Maryon Pittman Allen, who briefly succeeded her husband upon his sudden death, is one of the few widows who remarked frankly about the shock and pain associated with serving under such circumstances. A journalist who married into politics, she was appointed to the U.S. Senate in 1978 by Alabama Governor George Wallace after the death of the skilled parliamentarian James Allen.
Maryon Pittman was born on November 30, 1925, in Meridian, Mississippi, one of four children raised by John D. and Tellie Chism Pittman. The family moved to Birmingham, Alabama, the following year, where John Pittman opened a tractor dealership. Maryon Pittman attended public schools and then went to the University of Alabama from 1944 to 1947. While still attending college, she married Joshua Mullins on October 17, 1946. The couple raised three children—Joshua, John, and Maryon—but were divorced in 1959. As a single mother, Maryon Pittman was employed as an insurance agent and then as a journalist, working as the women’s section editor for five local weeklies in Alabama. As a staff writer for the Birmingham News, she took an assignment in 1964 to interview James Browning Allen, a widower and then the lieutenant governor of Alabama, who had just delivered a speech before the Alabama Federation of Women’s Clubs. Four months later, on August 7, 1964, James Allen and Maryon Pittman married; Allen brought two children from his previous marriage, James Jr., and Mary. When Alabama Senator Lister Hill chose not to seek re–election to the 91st Congress (1969–1971), James Allen sought and won election to his seat. A longtime Alabama state legislator, Senator Allen served on the Judiciary Committee. He became a master of parliamentary procedure, helping to revive the filibuster. Senator Allen fought the creation of a federal consumer protection agency, taxpayer financing of federal campaigns, and the 1978 treaties which ceded U.S. control of the Panama Canal. Allen, the New York Times observed, “was a valued ally in any fight, a man who could out–talk or out–maneuver many of the wisest and most experienced politicians in Washington…If he did not beat the opposition, he wilted them.”1 Senator Alan Cranston once remarked, “He can catch other people napping, but he’s not sneaky. He just plays hardball within the rules.”2 The Washington Post wrote that Allen “did not merely learn Jefferson’s parliamentary manual; he absorbed it and employed it more doggedly, shrewdly and creatively than any other senator in years.”3 While her husband ensconced himself in the Senate, Maryon Allen continued her journalism career, writing a Washington–based news column, “The Reflections of a News Hen,” that was syndicated in Alabama newspapers.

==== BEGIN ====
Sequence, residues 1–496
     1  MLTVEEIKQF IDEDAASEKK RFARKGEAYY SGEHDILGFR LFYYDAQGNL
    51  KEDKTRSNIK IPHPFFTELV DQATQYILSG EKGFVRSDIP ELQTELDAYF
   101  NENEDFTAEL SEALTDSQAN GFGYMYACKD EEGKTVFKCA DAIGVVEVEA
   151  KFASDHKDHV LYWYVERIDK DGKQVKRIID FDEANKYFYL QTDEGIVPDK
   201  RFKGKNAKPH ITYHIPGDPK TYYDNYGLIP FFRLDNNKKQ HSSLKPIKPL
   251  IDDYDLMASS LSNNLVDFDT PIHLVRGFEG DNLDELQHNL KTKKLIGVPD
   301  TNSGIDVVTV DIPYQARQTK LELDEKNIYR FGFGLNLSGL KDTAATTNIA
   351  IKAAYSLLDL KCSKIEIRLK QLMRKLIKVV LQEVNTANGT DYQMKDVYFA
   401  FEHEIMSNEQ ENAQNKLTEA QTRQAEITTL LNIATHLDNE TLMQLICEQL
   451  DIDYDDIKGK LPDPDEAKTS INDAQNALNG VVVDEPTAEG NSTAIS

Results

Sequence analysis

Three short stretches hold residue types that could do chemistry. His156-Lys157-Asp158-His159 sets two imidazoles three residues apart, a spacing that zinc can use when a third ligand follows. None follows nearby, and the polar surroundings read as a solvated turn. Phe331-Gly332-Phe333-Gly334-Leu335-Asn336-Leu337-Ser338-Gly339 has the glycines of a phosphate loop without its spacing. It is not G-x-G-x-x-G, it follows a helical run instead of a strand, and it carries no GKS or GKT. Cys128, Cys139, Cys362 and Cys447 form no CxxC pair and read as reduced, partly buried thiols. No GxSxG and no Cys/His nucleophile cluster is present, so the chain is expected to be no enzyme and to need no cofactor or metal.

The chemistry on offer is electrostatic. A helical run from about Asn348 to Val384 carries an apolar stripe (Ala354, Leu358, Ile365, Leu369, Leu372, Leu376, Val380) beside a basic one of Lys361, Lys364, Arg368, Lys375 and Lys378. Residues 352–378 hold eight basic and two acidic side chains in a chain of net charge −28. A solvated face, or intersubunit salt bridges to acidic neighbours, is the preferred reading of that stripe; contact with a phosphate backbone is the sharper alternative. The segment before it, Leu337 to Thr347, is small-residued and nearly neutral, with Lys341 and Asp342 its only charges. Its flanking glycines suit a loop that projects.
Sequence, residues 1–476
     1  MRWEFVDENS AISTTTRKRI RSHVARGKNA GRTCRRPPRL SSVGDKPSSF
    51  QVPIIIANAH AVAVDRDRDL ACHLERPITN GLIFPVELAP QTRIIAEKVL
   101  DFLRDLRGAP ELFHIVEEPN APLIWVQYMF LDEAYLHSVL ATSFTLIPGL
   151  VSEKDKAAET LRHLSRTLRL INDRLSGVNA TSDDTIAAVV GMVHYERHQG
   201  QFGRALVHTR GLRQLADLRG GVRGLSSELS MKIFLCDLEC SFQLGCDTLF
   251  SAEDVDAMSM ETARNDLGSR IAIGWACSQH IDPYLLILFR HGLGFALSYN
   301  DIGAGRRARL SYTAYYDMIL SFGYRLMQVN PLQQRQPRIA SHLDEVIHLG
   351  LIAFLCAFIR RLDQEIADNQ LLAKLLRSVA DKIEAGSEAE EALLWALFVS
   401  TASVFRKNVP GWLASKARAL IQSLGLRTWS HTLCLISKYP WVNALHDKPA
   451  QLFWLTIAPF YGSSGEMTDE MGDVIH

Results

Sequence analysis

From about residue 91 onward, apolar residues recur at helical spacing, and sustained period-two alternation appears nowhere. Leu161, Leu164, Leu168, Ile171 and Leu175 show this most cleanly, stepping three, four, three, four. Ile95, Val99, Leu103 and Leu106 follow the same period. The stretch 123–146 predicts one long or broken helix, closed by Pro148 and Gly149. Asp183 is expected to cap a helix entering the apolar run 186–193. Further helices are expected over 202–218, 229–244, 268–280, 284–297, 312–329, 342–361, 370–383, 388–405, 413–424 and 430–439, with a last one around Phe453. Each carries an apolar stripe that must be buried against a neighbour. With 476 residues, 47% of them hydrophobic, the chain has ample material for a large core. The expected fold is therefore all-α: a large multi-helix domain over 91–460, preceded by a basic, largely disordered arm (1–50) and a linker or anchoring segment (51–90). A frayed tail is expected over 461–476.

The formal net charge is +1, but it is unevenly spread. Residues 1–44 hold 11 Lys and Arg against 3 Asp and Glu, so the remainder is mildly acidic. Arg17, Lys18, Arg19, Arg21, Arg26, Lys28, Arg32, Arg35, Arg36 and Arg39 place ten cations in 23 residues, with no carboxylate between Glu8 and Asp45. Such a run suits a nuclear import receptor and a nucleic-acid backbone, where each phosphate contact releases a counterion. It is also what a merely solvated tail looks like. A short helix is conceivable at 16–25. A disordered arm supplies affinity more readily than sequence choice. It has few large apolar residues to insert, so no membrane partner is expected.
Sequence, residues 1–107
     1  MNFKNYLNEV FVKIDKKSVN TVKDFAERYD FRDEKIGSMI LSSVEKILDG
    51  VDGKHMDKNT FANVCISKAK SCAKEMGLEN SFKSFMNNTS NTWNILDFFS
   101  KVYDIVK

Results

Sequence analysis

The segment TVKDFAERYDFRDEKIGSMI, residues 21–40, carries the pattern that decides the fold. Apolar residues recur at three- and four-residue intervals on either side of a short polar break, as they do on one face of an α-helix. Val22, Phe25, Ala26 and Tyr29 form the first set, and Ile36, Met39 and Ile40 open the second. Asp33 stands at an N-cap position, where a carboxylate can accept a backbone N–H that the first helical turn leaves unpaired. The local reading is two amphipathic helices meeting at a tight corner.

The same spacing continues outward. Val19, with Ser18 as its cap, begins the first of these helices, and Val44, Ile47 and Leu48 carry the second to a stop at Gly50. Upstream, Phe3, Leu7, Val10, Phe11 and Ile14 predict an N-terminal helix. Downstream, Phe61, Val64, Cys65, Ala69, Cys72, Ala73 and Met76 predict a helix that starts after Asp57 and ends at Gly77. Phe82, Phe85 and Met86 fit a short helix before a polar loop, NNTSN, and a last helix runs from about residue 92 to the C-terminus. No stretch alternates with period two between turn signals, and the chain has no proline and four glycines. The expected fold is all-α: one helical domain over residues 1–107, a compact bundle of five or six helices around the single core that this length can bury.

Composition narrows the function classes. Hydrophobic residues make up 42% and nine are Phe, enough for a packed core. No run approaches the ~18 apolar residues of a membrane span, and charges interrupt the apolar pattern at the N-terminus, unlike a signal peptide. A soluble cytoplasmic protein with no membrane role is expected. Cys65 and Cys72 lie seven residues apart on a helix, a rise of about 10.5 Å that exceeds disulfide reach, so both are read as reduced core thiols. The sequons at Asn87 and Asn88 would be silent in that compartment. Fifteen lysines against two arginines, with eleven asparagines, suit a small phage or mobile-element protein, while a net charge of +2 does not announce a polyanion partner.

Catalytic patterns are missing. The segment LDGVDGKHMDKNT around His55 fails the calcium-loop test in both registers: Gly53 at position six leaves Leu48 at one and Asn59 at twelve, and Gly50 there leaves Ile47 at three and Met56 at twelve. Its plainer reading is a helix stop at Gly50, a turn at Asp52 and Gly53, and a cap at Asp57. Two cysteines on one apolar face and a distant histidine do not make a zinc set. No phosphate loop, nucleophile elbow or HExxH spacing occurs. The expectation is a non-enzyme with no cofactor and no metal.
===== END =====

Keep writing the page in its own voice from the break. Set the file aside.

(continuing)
On June 1, 1978, Senator Allen died suddenly of a heart attack. Alabama Governor George Wallace, with whom James Allen served as lieutenant governor in the 1960s, appointed Maryon Allen on June 8, 1978, to succeed her husband. Wallace also called a special election to coincide with the general election on November 7, 1978, to fill the remaining two years of James Allen’s term. Maryon Allen pledged to “continue to espouse the great principles of government to which Senator Allen dedicated his life. When I cast a vote on the floor of the U.S. Senate, it will reflect the philosophy he expressed so eloquently and strongly during his almost 10 years of service.” She also announced her intention to run for the two–year term despite widespread speculation that Governor Wallace (who was ineligible for gubernatorial re–election) was considering campaigning for the seat himself. On June 12, 1978, Maryon Allen was sworn into the U.S. Senate by Vice President Walter Mondale; Senator Muriel Humphrey, widow of Hubert Humphrey, embraced Allen after the ceremony.4